This enterprising, improvisational mode extended to her art practice. In the 1950s, Pepper painted mostly at home, often using her young daughter as a model. Memories of Pepper and her exacting gaze recur in Graham’s poetry, from the young woman holding a basket of lemons calling out to her child in “Cagnes-sur-Mer 1950,” her voice seizing “the small triangle of my soul,” to the elderly artist holding mortality at bay with her charcoal and paper in “Mother’s Hands Drawing Me.” If Pepper “wasn’t the kind of mother who did bedtime rituals,” as Graham puts it, her work ethic was thrilling (and influential). The two remain close and speak daily by phone. “If I had to choose between a force of nature and a warm, fuzzy presence, I’ve been accustomed to love the force of nature, and to get my nurturing from there. But I ended up with a force of nature as a daughter,” she says. Graham recalls how her mother, dressed for an evening out, would return to her basement studio while she waited for her father, burning holes into her long white leather gloves. Sometimes she enlisted her daughter’s help with the soldering. “I would just hold whatever it was and close my eyes, and I was terrified of the little sparks that strike you,” Graham remembers. The artist and the poet have collaborated once: When Pepper designed the “Sacramento Stele” (1998), four 18-foot-high monoliths surrounded by redwood trees outside the California Environmental Protection Agency building, she asked Graham, a vocal environmentalist, to contribute. The result, “Also Blooming,” has never been published and exists only in the words incised into the pietra serena stone.
AS SHE TELLS it, Pepper became a sculptor during a seven-month trip through America and Asia in 1960 with her 10-year-old daughter. She was 37, and she needed a fresh perspective. In Japan, mother and daughter dove with pearl divers; in Varanasi, India, they waded the Ganges amid the ashes from the funeral pyres. But what especially gripped Pepper’s imagination was the mid-12th-century Khmer temple complex at Angkor Wat in Cambodia, engulfed at that time by the elephantine roots of banyan trees. For 10 days, Pepper returned to the site to sketch the trees grappling in a kind of death match with the ancient carved heads and doorways — sculpture not simply as object but total environment, in concert with time and nature. When Pepper returned home to find that a grove of elm trees had been felled near her home in Rome’s Monte Mario, she bought them all and carved them into writhing biomorphic oblongs.
Two years later, Pepper was among a handful of sculptors chosen, along with Alexander Calder and David Smith, to participate in the Festival of the Two Worlds’ exhibition “Sculture Nella Città” in Spoleto, for which the selected artists fabricated new work in Italian steel factories. There was one problem — Pepper didn’t know how to weld. No matter: She approached a local blacksmith and learned from him. In the factory in Piombino, she worked three shifts a day alongside industrial laborers, who called her Bev. On many subsequent factory floors — smelly, hot, dirty — Pepper found her artistic being: She discovered the potential of Cor-Ten at U.S. Steel in New Jersey in the 1960s; she experimented with ductile iron at John Deere in Moline, Ill., in the late 1970s, where she made her iconic “Moline Markers Ritual” (1981), 13 delicately textured totems, a chess set for deities.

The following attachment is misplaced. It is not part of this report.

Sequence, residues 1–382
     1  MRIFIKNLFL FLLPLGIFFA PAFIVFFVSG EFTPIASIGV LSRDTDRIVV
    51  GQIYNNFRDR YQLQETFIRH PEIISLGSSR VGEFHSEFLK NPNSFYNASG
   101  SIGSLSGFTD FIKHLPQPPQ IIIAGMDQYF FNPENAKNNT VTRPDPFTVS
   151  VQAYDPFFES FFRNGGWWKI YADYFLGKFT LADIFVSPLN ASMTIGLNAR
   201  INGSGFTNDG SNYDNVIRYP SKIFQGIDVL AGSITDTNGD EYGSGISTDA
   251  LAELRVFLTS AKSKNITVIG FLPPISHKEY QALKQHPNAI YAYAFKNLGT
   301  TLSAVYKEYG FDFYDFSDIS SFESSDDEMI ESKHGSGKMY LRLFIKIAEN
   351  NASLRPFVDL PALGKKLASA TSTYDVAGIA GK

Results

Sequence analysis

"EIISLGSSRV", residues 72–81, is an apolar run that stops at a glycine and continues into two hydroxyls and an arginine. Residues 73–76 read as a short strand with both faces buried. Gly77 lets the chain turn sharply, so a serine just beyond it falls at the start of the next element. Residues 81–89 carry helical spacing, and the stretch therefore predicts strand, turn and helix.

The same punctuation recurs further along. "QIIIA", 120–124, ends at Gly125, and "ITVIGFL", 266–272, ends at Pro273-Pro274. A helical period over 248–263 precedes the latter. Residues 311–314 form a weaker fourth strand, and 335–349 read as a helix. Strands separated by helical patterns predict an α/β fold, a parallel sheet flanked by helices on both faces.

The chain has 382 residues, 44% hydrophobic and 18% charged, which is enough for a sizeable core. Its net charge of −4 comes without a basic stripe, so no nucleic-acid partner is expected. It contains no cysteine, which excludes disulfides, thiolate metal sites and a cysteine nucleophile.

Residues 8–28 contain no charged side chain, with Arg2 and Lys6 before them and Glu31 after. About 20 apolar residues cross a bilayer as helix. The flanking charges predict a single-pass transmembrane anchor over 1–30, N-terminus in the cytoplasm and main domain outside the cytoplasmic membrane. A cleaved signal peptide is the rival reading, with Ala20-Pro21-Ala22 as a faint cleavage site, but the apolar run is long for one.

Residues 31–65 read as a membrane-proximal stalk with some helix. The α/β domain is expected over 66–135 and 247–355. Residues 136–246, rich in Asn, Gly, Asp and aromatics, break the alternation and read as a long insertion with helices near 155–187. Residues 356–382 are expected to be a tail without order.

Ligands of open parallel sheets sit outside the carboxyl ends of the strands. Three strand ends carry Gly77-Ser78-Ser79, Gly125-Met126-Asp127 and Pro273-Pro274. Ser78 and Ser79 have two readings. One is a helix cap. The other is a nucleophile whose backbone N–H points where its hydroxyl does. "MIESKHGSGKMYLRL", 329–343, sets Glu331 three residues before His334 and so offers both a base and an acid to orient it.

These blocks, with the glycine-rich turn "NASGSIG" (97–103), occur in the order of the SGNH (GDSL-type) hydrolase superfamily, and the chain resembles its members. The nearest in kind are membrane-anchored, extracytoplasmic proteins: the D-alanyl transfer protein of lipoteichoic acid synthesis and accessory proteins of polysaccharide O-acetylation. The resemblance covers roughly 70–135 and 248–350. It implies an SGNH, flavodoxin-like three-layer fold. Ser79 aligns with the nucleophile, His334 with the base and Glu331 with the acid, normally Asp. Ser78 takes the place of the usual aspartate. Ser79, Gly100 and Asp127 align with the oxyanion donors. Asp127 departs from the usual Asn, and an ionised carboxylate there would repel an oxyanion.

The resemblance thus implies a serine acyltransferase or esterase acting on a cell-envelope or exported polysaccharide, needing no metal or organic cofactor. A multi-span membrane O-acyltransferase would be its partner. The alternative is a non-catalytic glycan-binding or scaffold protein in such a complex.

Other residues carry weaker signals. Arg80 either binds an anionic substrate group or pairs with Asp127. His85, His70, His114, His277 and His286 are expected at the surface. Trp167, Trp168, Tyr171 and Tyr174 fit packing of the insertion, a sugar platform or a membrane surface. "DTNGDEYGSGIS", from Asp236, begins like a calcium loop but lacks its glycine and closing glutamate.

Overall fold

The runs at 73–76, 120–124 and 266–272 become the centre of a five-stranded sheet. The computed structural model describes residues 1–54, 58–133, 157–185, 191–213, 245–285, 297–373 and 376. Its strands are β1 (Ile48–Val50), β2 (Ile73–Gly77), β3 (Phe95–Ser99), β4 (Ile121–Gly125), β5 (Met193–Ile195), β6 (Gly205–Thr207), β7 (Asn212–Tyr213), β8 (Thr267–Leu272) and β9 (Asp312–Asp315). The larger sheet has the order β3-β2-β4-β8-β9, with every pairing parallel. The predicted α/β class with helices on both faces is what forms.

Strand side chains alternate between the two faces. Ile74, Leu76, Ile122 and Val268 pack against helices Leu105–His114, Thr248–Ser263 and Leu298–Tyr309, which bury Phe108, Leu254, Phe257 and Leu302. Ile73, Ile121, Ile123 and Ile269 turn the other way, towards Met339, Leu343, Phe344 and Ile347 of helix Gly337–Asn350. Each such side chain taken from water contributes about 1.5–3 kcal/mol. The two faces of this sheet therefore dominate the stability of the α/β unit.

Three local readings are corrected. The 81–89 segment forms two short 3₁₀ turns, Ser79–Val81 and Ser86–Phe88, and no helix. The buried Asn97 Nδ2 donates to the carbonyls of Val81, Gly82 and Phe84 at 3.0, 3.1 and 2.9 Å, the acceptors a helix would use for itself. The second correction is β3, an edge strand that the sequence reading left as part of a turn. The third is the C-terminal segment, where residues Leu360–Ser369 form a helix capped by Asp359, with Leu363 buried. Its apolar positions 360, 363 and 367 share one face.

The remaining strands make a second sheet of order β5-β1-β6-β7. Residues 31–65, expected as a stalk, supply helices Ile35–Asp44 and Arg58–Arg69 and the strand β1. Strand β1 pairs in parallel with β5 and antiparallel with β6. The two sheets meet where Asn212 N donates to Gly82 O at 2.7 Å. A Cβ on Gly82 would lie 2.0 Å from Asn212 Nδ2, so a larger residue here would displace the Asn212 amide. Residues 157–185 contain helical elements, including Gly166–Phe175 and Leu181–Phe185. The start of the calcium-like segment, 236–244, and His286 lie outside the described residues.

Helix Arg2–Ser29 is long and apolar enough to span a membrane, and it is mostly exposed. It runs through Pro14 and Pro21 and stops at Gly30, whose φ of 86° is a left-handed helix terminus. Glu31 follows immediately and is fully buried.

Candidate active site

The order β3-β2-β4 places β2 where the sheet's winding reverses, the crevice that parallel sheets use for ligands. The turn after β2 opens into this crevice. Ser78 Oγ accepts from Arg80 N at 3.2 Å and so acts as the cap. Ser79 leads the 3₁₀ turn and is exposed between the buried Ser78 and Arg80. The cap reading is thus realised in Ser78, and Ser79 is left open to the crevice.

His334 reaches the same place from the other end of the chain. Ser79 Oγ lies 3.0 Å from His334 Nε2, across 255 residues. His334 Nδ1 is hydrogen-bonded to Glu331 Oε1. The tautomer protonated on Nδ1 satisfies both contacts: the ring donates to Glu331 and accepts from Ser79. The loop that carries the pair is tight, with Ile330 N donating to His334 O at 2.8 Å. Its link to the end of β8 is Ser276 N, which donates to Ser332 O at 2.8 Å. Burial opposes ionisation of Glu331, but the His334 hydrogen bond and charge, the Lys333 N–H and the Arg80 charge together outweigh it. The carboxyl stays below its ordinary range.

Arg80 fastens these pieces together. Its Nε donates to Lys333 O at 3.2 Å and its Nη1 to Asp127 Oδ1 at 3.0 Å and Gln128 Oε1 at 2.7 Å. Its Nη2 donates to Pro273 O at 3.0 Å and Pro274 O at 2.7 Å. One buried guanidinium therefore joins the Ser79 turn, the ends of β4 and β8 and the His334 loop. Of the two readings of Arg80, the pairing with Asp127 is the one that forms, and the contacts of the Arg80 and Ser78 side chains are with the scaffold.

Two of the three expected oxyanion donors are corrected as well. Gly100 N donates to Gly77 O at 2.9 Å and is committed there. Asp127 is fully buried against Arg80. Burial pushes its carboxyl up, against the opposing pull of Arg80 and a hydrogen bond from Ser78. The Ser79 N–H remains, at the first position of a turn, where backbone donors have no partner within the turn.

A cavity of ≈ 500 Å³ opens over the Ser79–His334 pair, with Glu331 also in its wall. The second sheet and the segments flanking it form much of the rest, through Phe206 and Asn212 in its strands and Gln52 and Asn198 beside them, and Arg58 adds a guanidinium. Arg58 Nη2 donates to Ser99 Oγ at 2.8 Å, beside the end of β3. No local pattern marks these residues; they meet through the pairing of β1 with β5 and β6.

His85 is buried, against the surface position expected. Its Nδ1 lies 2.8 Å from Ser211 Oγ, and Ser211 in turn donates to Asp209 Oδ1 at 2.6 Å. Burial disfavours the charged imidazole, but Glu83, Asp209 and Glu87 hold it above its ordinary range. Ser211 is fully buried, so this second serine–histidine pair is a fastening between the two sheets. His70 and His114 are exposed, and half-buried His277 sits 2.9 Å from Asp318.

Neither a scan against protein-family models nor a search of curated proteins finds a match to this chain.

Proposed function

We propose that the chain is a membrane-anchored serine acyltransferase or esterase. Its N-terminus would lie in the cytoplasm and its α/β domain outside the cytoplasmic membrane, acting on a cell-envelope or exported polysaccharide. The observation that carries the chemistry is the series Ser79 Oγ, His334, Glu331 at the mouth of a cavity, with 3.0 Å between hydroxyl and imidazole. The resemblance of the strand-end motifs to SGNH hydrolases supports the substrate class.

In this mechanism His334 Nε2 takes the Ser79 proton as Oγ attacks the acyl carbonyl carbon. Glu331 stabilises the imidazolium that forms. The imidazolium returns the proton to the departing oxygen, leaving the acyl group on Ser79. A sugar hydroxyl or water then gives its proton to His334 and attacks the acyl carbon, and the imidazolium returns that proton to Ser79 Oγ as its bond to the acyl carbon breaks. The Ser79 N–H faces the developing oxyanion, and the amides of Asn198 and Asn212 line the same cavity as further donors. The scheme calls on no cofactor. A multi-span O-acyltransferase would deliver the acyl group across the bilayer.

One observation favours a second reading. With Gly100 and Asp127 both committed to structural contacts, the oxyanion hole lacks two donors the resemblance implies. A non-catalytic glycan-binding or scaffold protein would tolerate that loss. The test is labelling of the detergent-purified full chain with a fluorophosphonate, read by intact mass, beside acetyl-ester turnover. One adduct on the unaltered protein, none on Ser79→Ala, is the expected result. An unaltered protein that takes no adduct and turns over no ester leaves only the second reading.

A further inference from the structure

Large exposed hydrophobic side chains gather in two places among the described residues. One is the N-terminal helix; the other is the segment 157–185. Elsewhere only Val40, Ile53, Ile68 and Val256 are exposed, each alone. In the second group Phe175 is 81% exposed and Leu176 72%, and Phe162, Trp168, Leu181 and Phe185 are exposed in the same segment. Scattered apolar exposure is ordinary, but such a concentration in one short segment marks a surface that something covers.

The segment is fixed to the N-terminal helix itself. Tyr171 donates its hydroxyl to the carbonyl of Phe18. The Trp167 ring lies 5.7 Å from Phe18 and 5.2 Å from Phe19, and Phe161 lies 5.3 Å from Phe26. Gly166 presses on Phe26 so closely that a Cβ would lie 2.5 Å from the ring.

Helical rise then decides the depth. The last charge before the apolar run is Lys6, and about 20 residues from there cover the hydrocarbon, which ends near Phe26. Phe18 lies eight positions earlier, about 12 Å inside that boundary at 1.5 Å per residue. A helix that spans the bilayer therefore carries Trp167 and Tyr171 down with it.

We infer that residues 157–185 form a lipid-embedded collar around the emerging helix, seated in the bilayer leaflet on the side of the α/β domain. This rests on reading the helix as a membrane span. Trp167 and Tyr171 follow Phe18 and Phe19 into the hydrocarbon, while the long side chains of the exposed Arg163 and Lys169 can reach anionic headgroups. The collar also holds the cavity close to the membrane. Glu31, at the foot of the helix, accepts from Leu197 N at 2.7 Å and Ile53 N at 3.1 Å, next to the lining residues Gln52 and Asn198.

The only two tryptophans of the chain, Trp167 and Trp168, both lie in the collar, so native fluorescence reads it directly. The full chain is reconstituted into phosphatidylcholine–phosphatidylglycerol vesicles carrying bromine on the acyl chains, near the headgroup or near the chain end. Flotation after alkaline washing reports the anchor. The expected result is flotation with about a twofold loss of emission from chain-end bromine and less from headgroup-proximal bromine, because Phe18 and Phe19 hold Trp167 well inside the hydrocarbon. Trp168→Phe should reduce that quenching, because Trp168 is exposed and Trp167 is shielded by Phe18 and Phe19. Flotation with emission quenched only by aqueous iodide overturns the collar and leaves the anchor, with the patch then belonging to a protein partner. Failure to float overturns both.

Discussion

Another lesson from the factory floor: the ability to speak, with directness and humor, across social barriers. This is a skill that she would rely on in public commissions, which, in those predigital days, involved flying in — dressed, as always, in jeans and cowboy boots — and making a presentation in front of a board. “Beverly is like a flexible stone,” says Dale Lanzone, who has worked with Pepper over the past three decades on more than a dozen major site-specific works, public and private, currently on behalf of Marlborough. “She has the appetite to remake the world.”
This is a story not of “dogged determination” but of how the force of her talent might be powerful enough to explode our own assumptions about an era.
Sixty years after her fateful trip to Angkor Wat, Pepper can no longer lift heavy tools or walk the terrain of her earthworks, yet that appetite to create and the scope of her vision remain undiminished. So what propels an artist in winter to go on, largely unrecognized, through the decades? As she approaches her centennial, Pepper is undeniably still making some of the greatest work of her career. How, and why, does this woman of steel do it?
But perhaps these are simply the wrong questions to be asking of an artist who has always had to find ways to realize her grand projects without wealth or fame. Perhaps defying the insurmountable obstacles she faced as a woman to create her body of work is its own triumph. As in monumental sculpture itself, perspective is everything: the faultiness of what we call art history, with its false dream of meritocracy, reflects the limitations of the people who create it; it is, after all, not carved in stone but a living chronicle to be reinterpreted, blasphemized, blown up and rewritten.